Hopefully you’re running well through 36km and you’re back along Lakeshore Blvd. yet again. It’s the Scotiabank Toronto Waterfront Marathon and the course really lives up to its name these days, spending a lot of time near the lake. It’s still flat here and you’ll still be looking for, and waving at, slower runners heading east along this section. Removing the Eastern Avenue section that used to be a part of the course was one of the best changes made over the last few years. The road here is in great shape and nice and wide unlike Eastern which passed through one of the less beautiful areas of Toronto.

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Racers will make a right onto Carlaw and then a left onto Eastern Ave. You’ll need to climb up and over the DVP highway again just before 40km, but that’s the last hill you’ll face before the finish. Remember that you get the benefit of a short downhill section too. Grab some energy here as you run through the big YMCA cheer station again.

The crowds will start to build as you head towards downtown. The big skyscrapers are your carrot and they’ll get closer and larger with every step. You’ll hit the very pretty St. Lawrence neighbourhood, and the Flatiron Building at 41.5km before you run down the canyon of skyscrapers and make a right turn onto Bay St.

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The finish

As soon as you make that last turn, you’ll be in the crowds around the finish area. It’s about 600m up Bay St. which does climb ever so slightly. You can’t see the finish line, but you will see the Clock Tower of Old City Hall. That’s about 100m before the line, so run strong here and draw energy from the spectators who will be lining either side of the course.

The half and full runners are separated here, so there’s no worries about having to dodge the walkers finishing up their 21.1km race. You’ll see markers that countdown every 100m. At about 150m, you’ll be able to see the finish. It’s a quick left/right jog and then you’re done!

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Cross the line, stop the watch and grab your medal – you did it!

Am I Ready?

The Scotiabank Toronto Waterfront Marathon is just two weeks away now and you are probably asking yourself, “Am I ready?”

This is a natural question to ask before a marathon. Running 42.2km is no small feat.

If you’re a first-time marathoner, it’s important to know that you are alone in wondering this – I’d venture a guess that every single marathon runner has asked themselves this very same question.

In fact, seasoned veterans of multiple marathons ask themselves this question every single time they run a race. I know I will, even going into what will be my tenth full marathon.

What it takes

You might also be asking yourself if you have what it takes. Perhaps you’ve heard horror stories about what happens after 35km (hint: it’s nothing good) or maybe you’ve seen friends hobbling around for days following their race.

I’ve often said that what it takes to run a marathon boils down to three things: courage, determination and physical strength.

Marathon runners need equal parts of all three to be really successful, but the good news is that you can get by on just two as long as the one you are missing or a little short on is “physical strength”. Here’s why:

  • Courage is what led you to decide to do this in the first place and it’s what will bring you to the start line on October 16. Without courage, you won’t find yourself standing there with thousands of other runners just like you.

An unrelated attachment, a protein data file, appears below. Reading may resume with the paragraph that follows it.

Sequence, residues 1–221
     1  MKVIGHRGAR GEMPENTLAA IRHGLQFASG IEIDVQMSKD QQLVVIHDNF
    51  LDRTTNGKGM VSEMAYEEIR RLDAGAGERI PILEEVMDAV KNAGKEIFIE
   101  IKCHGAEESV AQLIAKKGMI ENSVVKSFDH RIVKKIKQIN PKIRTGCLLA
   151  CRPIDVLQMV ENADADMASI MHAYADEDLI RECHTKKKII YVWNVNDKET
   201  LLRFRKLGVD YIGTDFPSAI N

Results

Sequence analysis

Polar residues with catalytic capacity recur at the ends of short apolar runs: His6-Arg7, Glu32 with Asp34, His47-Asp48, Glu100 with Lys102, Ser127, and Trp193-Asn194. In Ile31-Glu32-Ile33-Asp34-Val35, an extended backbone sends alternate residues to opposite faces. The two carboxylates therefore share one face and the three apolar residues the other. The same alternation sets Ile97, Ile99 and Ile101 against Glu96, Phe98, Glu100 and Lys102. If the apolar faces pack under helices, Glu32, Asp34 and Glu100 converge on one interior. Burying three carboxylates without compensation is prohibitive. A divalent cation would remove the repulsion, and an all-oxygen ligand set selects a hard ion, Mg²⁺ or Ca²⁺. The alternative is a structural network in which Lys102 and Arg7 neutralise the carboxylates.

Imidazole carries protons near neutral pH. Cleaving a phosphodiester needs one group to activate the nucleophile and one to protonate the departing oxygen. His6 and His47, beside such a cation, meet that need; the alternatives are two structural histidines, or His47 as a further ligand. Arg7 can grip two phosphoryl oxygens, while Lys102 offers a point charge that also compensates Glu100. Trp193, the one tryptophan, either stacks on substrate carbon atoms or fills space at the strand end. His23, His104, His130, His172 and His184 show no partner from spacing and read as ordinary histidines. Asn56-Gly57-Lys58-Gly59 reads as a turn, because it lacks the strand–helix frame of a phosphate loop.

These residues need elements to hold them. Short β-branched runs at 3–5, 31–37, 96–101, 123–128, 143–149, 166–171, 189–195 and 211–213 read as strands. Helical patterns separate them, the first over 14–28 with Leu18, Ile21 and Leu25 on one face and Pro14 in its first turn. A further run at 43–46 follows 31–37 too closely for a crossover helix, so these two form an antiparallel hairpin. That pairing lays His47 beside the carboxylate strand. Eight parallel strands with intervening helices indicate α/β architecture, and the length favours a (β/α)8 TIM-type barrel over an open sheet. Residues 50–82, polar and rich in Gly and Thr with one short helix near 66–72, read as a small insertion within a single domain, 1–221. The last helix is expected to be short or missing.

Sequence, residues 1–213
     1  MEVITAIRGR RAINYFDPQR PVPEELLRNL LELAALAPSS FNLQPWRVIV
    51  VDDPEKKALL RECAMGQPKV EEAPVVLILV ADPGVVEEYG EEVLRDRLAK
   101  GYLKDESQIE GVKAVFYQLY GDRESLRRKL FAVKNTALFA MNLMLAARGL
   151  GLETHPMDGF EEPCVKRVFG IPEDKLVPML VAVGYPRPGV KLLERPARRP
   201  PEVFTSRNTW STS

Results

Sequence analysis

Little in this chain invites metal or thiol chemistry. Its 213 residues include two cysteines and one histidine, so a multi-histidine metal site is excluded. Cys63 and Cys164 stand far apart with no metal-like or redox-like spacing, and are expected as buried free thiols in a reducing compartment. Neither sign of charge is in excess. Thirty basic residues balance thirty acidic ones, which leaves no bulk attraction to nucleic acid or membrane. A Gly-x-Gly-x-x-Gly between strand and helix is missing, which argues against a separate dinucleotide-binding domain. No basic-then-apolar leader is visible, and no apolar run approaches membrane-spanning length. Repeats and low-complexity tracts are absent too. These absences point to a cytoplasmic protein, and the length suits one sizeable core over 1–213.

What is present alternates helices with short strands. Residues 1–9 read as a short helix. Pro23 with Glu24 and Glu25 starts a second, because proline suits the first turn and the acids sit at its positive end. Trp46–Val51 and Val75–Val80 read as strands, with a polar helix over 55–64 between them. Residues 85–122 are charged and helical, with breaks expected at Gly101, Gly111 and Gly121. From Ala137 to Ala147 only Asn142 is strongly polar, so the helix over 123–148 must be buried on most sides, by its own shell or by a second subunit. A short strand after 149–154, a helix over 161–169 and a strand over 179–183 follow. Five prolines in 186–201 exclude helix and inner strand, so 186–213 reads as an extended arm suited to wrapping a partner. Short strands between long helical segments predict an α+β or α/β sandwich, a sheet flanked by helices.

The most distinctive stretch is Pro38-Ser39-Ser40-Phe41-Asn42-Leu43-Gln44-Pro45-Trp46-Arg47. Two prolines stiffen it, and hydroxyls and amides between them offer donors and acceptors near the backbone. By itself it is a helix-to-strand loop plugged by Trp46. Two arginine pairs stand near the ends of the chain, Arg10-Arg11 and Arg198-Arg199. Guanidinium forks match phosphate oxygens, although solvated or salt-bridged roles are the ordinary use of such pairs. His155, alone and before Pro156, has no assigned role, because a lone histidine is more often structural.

• Determination is what you’ll draw on when the going gets tough in the later stages of the race. Without determination, you won’t find yourself pushing through the tough parts and making it to the finish.
  • Physical strength is what you’ll rely on to push yourself forward for three, four or five hours depending on your pace. Without that physical strength, you’ll be faced with increased demands on your courage and determination to get it done. But rest assured, courage and determination will see you through to the finish even if you run low on physical strength.

Trust your training

If you’ve put in the time and kilometres over the last few months, then you’re ready to run. You can feel confident about your race because the training program is designed to get you to the finish.

Your training program helped you build physical strength, as well as determination and courage.

Remember the days when you didn’t feel like running and you went and did it anyways? Determination is what made you get out and do it. Those long Sunday runs in the heat of the summer where you wanted to pack it in but you didn’t? That was determination in action.

How about the days you woke up and laced up your running shoes and went and ran 29 or 32km? You showed courage to believe that you could run further than you’d ever run before. Even the simple act of signing up for the race was a demonstration that you were willing to take on something very challenging. That was a very courageous act!

Draw on your experience

As race day approaches, think back through the weeks of training and remember all of your many accomplishments. If you kept a log of your training, look back through it and see how far you’ve come (literally!) and how much you’ve improved as a runner both mentally and physically.

medalA good look back over your training will bolster your confidence going into the race weekend. You ran all those runs. You worked hard. And because of that, you’ll run well and you’ll finish your race.

Marathon starters are almost always marathon finishers

Maybe you don’t believe me…but what about some cold, hard facts? The facts don’t lie and the fact is that the vast majority of runners who start a marathon go on to finish that marathon.

The 2015 Scotiabank Toronto Waterfront Marathon attracted 3,826 participants according to Sportstats. Of those, fewer than 100 failed to finish. In 2014 there were more than 4,000 participants and again, less than 100 failed to cross the finish line.

You are ready

On the morning of October 16th, 2016 you’ll courageously stand in the starting area and you’ll be nervous and you’ll wonder what lies ahead of you for the next few hours and 42.195km. 4,000 other runners will be standing in that same start area thinking the exact same thing.

And then the horn will sound and you’ll start running and after a few hours or determined running you’ll find yourself coming up Bay St. with cheering spectators on both sides of the street and you’ll cross the finish line with your arms in the air and a smile on your face.

A beautiful medal will be placed around your neck by a fantastic volunteer and you’ll wear that medal and the title of “marathoner” with pride!